A video that calls on people to switch off their mobile phones and reduce their use of social media has gone viral. The five-minute film, called ‘Look Up’ was posted on YouTube on April 25 and already has more than 22 million views.
The film was created by Gary Turk who called it “a spoken word film for an online generation”. It aims to show how overusing phones and social media are having a negative effect on personal relationships.
A 17-year-old girl has been arrested and released on bail following the posting of a "grossly offensive" comment on Facebook about the death of a schoolboy.
Police said the arrest was part of an investigation into a post relating to the sudden death of a 15-year-old boy in Swansea on Thursday.
Culture Secretary Maria Miller is to challenge social media companies "pro-actively" police their sites and remove offensive and dangerous posts, the Daily Mail reports.
It follows the death of 15-year-old Tallulah Wilson who threw herself in front of a train in 2012 after sharing self-harm images with her 18,000 followers on the Tumblr social network.
The Culture Secretary will unveil a new measure at this week's Cabinet meeting, the report says, and plans to confront internet companies at a conference in the next few weeks.
Facebook has been described as an "infectious disease" that has spread rapidly but will die away just as quickly, in a new study from researchers at Princeton University that predicts the social media platform will be largely abandoned by 2017.
Report authors John Cannarella and Joshua Spechler from the Ivy League university's mechanical and aerospace engineering department, have based their prediction on the number of times Facebook is typed into Google as a search term.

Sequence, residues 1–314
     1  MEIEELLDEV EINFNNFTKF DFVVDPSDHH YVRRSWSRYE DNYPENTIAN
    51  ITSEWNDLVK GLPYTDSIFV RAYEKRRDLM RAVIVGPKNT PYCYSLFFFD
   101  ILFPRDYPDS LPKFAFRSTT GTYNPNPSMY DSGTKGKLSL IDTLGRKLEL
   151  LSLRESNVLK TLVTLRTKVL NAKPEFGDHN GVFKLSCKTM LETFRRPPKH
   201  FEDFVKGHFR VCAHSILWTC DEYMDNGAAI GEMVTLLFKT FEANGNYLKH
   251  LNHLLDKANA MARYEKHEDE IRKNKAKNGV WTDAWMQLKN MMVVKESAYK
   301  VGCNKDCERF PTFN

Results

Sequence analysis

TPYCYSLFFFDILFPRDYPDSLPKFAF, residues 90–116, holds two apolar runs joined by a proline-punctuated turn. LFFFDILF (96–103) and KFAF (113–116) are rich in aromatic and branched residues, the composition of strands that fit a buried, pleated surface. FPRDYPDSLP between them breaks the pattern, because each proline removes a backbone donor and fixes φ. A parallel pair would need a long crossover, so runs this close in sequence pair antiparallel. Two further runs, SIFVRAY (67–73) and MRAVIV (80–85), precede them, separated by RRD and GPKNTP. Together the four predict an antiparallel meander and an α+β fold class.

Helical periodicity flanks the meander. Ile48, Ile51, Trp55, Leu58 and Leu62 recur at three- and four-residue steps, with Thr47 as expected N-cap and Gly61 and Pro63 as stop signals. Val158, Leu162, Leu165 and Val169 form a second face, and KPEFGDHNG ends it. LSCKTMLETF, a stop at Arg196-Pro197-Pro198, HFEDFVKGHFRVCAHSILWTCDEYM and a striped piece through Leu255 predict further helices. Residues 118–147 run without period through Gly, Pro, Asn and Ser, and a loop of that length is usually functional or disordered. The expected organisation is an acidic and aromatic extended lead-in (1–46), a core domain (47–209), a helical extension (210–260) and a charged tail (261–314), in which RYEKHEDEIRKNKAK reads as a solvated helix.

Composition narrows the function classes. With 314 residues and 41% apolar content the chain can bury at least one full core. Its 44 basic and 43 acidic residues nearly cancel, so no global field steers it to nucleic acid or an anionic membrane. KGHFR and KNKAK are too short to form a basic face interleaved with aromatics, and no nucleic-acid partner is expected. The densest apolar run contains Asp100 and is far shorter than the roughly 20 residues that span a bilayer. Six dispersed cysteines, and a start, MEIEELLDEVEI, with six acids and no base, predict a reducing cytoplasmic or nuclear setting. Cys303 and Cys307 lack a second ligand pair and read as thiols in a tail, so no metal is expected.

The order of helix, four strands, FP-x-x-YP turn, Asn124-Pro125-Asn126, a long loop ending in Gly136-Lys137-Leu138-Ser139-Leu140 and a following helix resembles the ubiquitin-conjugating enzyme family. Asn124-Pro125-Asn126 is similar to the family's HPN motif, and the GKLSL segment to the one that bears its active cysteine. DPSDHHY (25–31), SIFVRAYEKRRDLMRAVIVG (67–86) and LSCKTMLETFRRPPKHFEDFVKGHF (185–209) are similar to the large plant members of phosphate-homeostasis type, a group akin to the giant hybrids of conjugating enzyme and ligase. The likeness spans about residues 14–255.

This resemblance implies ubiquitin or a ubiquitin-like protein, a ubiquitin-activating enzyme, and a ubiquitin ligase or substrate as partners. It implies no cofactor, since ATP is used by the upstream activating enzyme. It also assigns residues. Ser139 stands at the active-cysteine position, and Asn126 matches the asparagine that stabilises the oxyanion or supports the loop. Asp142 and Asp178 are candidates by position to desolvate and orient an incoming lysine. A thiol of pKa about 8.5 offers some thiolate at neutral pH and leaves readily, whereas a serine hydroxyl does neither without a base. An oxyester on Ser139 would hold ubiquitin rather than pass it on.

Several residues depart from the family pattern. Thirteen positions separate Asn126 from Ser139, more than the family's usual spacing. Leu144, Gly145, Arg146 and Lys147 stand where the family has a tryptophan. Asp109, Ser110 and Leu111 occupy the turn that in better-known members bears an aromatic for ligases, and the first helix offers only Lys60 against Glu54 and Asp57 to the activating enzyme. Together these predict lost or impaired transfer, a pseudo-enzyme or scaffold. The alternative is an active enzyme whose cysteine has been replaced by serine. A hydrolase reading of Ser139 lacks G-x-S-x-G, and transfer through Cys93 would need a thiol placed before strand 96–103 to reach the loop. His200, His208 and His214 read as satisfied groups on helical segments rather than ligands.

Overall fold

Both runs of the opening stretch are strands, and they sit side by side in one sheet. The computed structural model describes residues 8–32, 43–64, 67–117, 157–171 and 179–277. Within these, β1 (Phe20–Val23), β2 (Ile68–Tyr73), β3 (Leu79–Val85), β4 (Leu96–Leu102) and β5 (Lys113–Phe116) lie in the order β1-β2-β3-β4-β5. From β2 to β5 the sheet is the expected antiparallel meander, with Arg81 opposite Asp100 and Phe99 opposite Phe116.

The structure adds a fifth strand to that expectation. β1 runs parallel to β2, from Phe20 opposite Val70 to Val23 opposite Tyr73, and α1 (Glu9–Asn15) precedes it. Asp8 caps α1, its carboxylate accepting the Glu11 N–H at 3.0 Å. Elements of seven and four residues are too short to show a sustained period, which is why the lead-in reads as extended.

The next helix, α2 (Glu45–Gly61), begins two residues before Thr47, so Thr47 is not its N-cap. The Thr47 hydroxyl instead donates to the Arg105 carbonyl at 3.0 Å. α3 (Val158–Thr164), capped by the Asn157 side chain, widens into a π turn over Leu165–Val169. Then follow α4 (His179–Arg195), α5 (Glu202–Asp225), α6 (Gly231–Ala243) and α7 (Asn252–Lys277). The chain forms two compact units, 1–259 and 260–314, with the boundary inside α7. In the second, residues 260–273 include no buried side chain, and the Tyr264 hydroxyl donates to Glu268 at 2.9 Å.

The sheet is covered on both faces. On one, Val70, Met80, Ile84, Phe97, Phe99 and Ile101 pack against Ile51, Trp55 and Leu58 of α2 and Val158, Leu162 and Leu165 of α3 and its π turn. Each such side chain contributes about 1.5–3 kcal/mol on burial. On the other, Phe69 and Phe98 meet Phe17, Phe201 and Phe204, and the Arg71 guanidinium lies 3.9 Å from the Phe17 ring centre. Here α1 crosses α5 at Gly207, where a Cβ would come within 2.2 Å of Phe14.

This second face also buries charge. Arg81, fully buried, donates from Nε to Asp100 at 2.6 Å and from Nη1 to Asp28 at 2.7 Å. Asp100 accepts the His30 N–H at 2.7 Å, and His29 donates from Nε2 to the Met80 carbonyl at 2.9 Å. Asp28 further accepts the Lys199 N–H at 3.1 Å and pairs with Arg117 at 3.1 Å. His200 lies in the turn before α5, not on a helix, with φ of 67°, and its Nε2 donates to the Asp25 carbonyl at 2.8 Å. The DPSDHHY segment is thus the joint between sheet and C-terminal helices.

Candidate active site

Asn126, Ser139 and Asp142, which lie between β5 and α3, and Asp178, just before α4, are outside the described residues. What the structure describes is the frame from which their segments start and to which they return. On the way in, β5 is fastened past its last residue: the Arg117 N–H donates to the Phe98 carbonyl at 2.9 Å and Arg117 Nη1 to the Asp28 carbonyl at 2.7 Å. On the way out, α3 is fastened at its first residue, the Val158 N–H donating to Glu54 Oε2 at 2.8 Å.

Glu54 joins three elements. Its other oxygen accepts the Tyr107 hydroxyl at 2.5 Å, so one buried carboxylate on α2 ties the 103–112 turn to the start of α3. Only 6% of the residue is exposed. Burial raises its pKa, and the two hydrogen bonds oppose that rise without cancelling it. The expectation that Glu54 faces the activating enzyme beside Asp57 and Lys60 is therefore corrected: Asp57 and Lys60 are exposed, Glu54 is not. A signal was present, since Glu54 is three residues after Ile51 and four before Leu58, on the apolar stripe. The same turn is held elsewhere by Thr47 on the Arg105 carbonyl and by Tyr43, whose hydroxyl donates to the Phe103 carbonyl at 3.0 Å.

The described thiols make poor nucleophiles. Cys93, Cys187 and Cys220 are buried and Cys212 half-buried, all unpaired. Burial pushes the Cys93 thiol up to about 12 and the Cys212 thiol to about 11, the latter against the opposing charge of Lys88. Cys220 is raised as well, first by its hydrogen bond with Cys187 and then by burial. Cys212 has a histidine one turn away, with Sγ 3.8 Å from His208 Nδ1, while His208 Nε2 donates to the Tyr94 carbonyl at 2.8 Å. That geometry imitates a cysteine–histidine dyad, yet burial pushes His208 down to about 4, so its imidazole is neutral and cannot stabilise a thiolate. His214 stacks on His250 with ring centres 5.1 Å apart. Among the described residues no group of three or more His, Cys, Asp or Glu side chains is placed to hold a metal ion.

The charts produced by the Google Trends service show Facebook searches peaked in December 2012 and have since started to trail off.
"Ideas, like diseases, have been shown to spread infectiously between people before eventually dying out, and have been successfully described with epidemiological models, " the authors claim in their paper, adding that Facebook will lose "80 percent of its peak user base between 2015 and 2017."
"Ideas are spread through communicative contact between different people who share ideas with each other. Idea manifesters ultimately lose interest with the idea and no longer manifest the idea, which can be thought of as the gain of 'immunity' to the idea," said Cannarella and Spechler.
Social media users who knowingly break court orders by posting prohibited information online, such as the identities of James Bulger's killers, can "easily" be prosecuted, a legal expert has warned.
Joshua Rozenberg explained: "If you can show that somebody knew that there was a court order in force, as this man last week, who was very nearly sent to prison - in the end he got a suspended sentence and a hefty financial penalty.
"But if you know that there is a order saying you can't publish a picture of Jon Venables, then it is obviously more easy for the Attorney General to prosecute you."
Careless tweets have landed a host of celebrities in trouble in the past with comedian Alan Davies, Sir Bob Geldof's daughter Peaches and Sally Bercow all finding themselves in legal difficulties due to their online posts.
Social media users have also found themselves in contempt of a court - nine people admitted naming the woman raped by footballer Ched Evans on Facebook and Twitter.
They were all told to pay the victim £624 each.